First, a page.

Around this time, the expectation for you to set goals for the coming year is incredibly high. New Year’s resolutions have a long (and often frustrating) history.
Here is a list of the most popular resolutions made at the end of every calendar year. They’re also the ones that most often remain unfulfilled.
- Start working out
- Improve nutrition
- Save money and work down debt
- Lower stress
- Decrease alcohol consumption
- Quit smoking
- Spend more quality time with family
- Take up a new hobby or go back to school
These are valid goals, certainly. Any of them have the potential to better your life and the lives of those around you. If you’re a person who makes New Year’s resolutions, you’re probably a person who shares them with friends or family.
That’s your first step to making sure you don’t complete them.
Wait…sharing your goals is a bad idea? Up until recently, the advice has always been to share so people around you can help “keep you accountable.”
While this might work for relationships – especially helping you disconnect from toxic people or circumstances in your life – sharing life improvement goals has the opposite effect.
The Reality of Getting Things Done
In my life, I’ve heard the words “try,” “want,” and “wish” a lot.
When I decided to accept my first loss of employment as a blessing in disguise, I was careful to avoid such phrasing in my self-talk. I knew it was important to replace wishy-washy terminologies with power statements.
“I’m going to try to be a writer.” Not strong enough. “I’m going to write.”
“I wish I could figure out how to self-publish.” Forget that. “I’m learning this step today, this step tomorrow, and I’ll have a book published by this date.”
“I wish more people would read my books.” Too vague and weak. “I’ll build a website, establish a social media presence, and gain readers slowly.”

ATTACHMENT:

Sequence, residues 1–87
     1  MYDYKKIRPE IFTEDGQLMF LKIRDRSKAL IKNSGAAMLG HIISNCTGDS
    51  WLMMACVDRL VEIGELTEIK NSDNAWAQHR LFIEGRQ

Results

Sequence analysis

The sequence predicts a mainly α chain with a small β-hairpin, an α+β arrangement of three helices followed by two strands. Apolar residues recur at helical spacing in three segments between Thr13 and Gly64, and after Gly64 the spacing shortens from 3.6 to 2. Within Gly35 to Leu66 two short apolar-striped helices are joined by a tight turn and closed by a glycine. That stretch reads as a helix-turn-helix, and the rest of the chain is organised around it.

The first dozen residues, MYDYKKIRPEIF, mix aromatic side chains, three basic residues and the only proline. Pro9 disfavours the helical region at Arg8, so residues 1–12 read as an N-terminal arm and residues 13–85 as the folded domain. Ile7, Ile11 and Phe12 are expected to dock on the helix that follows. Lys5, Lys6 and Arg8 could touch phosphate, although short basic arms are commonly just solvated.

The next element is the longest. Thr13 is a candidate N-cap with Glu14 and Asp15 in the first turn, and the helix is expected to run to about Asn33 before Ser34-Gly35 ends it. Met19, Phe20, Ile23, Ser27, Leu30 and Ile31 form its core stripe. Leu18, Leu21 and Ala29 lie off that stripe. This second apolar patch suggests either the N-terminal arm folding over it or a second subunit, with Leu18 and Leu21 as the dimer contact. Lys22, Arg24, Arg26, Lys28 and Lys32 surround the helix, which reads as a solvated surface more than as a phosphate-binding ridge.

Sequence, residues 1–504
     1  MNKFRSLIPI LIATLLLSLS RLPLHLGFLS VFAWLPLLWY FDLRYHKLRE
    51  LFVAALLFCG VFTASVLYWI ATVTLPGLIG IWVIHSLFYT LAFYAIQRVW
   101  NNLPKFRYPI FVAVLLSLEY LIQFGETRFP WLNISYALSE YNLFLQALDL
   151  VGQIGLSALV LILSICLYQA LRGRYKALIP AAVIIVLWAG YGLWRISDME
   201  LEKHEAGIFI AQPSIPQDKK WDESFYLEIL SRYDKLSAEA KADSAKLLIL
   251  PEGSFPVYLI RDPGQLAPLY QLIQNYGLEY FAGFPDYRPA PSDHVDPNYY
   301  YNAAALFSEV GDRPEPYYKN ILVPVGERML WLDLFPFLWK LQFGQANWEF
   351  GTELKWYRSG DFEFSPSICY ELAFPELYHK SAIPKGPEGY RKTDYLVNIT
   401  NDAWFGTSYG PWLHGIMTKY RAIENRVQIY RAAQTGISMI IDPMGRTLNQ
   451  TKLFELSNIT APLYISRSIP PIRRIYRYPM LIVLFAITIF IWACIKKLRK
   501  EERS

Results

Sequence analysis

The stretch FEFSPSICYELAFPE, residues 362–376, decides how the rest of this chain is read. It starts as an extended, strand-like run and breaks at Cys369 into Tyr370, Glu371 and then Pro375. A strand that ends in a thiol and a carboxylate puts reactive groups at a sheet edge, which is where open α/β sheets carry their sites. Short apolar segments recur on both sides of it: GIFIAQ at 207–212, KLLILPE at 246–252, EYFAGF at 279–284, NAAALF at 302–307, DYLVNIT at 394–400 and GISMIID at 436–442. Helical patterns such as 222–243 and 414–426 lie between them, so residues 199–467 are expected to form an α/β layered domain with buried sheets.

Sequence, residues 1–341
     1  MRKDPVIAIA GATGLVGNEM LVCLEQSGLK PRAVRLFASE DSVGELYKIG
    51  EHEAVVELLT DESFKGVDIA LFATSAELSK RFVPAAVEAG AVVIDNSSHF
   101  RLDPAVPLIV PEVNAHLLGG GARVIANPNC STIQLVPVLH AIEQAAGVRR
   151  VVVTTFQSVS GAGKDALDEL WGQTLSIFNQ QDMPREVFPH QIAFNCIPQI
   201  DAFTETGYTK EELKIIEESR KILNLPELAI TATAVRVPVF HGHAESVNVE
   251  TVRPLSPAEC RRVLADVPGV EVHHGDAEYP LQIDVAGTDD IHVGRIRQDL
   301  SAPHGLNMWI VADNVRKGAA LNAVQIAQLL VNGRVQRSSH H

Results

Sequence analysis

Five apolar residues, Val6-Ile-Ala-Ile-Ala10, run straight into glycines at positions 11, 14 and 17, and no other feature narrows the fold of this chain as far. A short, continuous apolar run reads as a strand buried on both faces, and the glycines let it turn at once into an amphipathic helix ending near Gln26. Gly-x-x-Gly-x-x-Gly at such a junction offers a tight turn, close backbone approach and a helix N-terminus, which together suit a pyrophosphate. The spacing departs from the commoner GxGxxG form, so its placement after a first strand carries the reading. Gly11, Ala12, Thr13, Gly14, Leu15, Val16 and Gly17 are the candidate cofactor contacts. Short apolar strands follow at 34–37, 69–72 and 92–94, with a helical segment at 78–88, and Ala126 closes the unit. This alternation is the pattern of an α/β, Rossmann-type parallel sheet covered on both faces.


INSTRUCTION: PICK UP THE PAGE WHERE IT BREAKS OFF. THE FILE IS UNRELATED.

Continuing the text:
At first, I shared my dreams but I gradually stopped talking about them. I decided to spend my time doing rather than talking about doing. I shared results rather than plans for results. The more goals I attained, the hungrier I became to accomplish more and more.
“Do or do not. There is no try.” ~Yoda
I started noticing the “try” statements of others and realized they were defeating themselves without intending to do it. At the time, I didn’t know scientists were doing research to back up this habit that can go completely undetected for decades.
The Science of Self-Sabotage
In his TED Talk, Derek Sivers explained a century of research studying the phenomena of goal setting, goal sharing, and goal attainment.
Say you plan to lose weight or start a new business. You share those aspirations with the people you love, whose opinions you value or respect. Their response is likely (hopefully) to be positive, encouraging, and proud of your ideas.
The feeling you get from their feedback inspires a feeling of success in your brain. This psychological response causes a chemical reaction that mimics how you would feel if you’d already accomplished your goals.
Since your brain registers that you feel awesome about this whole goal-setting thing, it registers that you don’t really need to do anything else because you already feel so good.
There goes your motivation and focus to actually get it done. Your New Year’s resolution is over before you ever even start.